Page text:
If it keeps Maggie in shape, preventing the arthritis and foot infections that have plagued other elephants in the nation's zoos, then remaining in Anchorage is best for her, zoo officials say. Maggie has a history of not getting along with other elephants, and is easily made anxious by change, so the risks in moving her from "the only home she has known" outweigh the benefits, they say.

Mr. Smith contended, as did other zoo officials, that when the Alaska Zoo had two elephants - Annabelle, an Asian elephant, died of a foot infection in 1997 - Maggie was miserable and unusually aggressive.

But animal rights groups and outside elephant experts say it is cruel to keep an elephant alone, particularly a female who is meant to socialize with other elephants. Worse than Anchorage temperatures, which can dip to 20 degrees below zero in the winter and require Maggie to spend much of her time indoors, they say, is her lack of elephant companionship.

"A lone elephant is clearly not a good thing," said Ron L. Kagan, director of the Detroit Zoo, which last month decided to move its two arthritic elephants, Wanda and Winky, to a sanctuary in California because officials decided the cold Detroit weather and the lack of space at that zoo was not healthy.

"The fact that she's without elephant companionship - we shouldn't fool ourselves that somehow humans are the equivalent," said Mr. Kagan, who said he had seen Maggie in Anchorage a few years ago. "I'd say that's a very challenged elephant."

The Detroit Zoo has decided to close its elephant exhibit permanently. The San Francisco Zoo sent one elephant, Tinkerbelle, to a sanctuary in November and plans to send its last remaining elephant, Lulu, there too, officials there said. In December, the San Francisco Board of Supervisors has approved a law that would require the city's zoo to have a 15-acre habitat before the elephants can return.

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"People's expectations of a zoo are to see animals like lions and tigers and elephants," Mr. Kagan said. "But also, I think that now the expectation is to only see elephants that are thriving."

Nicole Meyer, elephant specialist for People for the Ethical Treatment of Animals, which has made Maggie a cause célèbre in recent months, derided the Alaska Zoo's decision to keep Maggie as "selfish" and said the treadmill plan was a "truly ridiculous concept."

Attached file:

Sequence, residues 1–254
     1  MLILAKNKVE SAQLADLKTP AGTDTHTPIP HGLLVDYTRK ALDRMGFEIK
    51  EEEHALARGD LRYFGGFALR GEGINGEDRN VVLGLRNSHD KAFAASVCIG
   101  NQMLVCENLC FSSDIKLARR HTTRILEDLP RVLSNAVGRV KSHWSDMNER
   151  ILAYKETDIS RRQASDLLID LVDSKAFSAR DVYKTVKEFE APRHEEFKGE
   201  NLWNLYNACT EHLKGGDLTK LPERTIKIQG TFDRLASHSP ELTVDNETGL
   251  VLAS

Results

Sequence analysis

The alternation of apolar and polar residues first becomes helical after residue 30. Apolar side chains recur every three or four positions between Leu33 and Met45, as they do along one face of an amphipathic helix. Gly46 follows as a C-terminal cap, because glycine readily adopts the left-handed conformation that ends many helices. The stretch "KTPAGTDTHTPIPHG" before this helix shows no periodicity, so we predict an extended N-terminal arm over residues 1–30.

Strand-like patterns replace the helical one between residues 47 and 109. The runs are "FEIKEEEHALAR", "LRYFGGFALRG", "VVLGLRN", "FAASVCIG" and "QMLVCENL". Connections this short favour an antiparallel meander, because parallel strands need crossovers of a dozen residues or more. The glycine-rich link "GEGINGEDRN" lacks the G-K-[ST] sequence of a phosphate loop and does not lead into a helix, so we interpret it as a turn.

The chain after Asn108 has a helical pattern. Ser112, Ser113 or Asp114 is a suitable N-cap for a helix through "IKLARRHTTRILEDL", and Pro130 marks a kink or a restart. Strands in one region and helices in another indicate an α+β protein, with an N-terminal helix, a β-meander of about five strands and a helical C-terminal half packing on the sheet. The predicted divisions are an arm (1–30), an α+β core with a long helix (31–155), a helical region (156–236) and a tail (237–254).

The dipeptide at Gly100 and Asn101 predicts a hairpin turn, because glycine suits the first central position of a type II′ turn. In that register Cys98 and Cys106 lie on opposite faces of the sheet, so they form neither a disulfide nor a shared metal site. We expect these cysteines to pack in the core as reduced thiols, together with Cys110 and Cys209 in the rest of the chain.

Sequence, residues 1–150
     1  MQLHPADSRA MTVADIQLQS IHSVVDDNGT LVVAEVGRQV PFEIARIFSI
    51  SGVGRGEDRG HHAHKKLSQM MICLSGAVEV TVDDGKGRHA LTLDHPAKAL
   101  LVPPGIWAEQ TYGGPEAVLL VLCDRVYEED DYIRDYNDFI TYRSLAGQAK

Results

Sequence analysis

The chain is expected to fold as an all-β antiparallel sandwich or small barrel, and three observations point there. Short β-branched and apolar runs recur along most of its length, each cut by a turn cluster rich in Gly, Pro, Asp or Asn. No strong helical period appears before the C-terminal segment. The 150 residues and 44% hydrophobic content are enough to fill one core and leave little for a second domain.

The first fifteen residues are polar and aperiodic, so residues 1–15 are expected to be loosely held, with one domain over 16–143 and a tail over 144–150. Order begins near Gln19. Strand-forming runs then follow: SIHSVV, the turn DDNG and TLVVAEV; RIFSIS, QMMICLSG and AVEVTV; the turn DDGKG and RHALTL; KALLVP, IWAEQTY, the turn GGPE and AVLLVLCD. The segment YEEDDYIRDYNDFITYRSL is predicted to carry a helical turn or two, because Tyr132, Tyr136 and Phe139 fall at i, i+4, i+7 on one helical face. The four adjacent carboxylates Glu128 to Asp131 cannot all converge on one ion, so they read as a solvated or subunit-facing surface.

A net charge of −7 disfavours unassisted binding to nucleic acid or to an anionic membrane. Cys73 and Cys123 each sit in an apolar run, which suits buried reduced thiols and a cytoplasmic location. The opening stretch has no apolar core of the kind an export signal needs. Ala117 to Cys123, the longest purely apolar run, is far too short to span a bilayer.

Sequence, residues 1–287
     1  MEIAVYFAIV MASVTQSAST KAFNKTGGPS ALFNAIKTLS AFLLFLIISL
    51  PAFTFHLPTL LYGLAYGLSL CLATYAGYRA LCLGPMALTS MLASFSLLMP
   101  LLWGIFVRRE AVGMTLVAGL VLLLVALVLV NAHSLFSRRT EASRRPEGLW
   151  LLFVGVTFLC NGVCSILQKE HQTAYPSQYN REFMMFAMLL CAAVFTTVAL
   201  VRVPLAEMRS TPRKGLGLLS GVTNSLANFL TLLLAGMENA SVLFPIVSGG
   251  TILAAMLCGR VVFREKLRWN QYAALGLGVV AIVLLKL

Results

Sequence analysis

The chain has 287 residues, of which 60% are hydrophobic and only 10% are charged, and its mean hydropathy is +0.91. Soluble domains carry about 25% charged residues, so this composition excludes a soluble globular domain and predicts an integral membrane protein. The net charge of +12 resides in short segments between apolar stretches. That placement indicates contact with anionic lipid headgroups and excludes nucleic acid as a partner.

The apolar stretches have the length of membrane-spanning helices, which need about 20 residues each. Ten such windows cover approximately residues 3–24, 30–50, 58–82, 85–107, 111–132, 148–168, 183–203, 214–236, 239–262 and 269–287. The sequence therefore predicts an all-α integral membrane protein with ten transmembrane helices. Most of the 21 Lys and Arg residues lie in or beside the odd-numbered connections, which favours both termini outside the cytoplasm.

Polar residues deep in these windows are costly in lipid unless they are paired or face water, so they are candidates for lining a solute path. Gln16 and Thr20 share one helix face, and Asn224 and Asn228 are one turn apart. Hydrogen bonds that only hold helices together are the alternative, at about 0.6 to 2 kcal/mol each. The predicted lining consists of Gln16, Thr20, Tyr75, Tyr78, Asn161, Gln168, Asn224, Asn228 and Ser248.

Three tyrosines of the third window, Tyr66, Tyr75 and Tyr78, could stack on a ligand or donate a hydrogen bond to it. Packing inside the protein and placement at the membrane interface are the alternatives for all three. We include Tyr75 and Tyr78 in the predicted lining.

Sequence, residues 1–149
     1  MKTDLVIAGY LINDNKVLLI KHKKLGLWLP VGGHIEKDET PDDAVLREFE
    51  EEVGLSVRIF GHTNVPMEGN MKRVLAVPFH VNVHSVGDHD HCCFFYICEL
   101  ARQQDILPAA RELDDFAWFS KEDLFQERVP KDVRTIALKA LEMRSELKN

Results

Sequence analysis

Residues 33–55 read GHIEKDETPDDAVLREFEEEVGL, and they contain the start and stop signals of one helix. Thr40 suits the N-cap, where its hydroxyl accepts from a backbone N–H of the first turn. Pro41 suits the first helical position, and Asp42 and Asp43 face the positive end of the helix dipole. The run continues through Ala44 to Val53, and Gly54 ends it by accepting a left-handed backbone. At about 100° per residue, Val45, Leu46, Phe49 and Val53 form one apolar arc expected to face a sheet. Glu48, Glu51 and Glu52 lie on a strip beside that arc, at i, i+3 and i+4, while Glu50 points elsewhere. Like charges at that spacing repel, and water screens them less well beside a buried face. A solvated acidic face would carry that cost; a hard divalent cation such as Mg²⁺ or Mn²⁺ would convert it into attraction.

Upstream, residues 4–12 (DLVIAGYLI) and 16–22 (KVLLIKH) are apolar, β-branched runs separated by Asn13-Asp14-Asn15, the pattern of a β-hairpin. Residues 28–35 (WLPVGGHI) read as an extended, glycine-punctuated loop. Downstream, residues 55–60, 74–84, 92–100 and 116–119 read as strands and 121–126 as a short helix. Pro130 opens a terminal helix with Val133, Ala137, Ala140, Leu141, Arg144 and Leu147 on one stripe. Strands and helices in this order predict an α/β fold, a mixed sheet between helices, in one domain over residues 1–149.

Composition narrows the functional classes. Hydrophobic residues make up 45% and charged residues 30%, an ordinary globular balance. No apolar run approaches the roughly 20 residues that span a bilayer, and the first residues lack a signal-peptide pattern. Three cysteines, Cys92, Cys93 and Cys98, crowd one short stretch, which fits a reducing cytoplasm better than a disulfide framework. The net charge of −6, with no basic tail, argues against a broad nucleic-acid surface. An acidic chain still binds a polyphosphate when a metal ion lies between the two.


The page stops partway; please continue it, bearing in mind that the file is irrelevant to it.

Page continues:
"The fact that she is in solitary confinement as a social animal is unacceptable," Ms. Meyer said. "She is in a completely inappropriate environment for an elephant. You certainly do not find elephants in the Arctic in the wild." Even elephant experts who support keeping the widely popular elephant exhibits open, for educational reasons and for conservation of the vulnerable species, say they do not support keeping Maggie alone and are skeptical of the treadmill.

"People use treadmills," said Mike Keele, deputy director of the Oregon Zoo and chairman of the elephant species survival program for the American Zoo and Aquarium Association, which accredits zoos in North America. "I guess it's an interesting concept. But I'm not sure what the message is - for visitors to come up and see an elephant on a treadmill and somehow make a connection with nature? That's a tough one for me."

Officials here say the Alaska Zoo has not sought accreditation from the association, which strongly recommends keeping no fewer than three female elephants in a zoo.

Tex Edwards, director of the Alaska Zoo, said officials here had been anguished during a yearlong debate over what to do about Maggie, and he acknowledged that among the many experts consulted there was great concern about her being alone. But Maggie is in good health, Mr. Edwards said - her doctor said she had a pocket of fat along her belly but had no other health concerns.

"I think we're trying to do the right thing," he said.

Mr. Edwards said the zoo planned to keep Maggie in Anchorage for at least three years, but that by the end of that time it would evaluate whether the treadmill and the renovations to her barn had improved her quality of life. Then, he said, they will decide if the elephant should leave Alaska.

Contact info for the NY Times:

Look at this site

http://www.nytimes.com/ref/membercenter/he...vdirectory.html
From the "letters to the editor" page:
Want to voice your opinion? Write to letters@nytimes.com  to send a Letter to the Editor of The New York Times to have your comments considered for publication in the printed newspaper (please see our Letters to the Editor help page for details). Or visit our Forums to voice your view on the Web.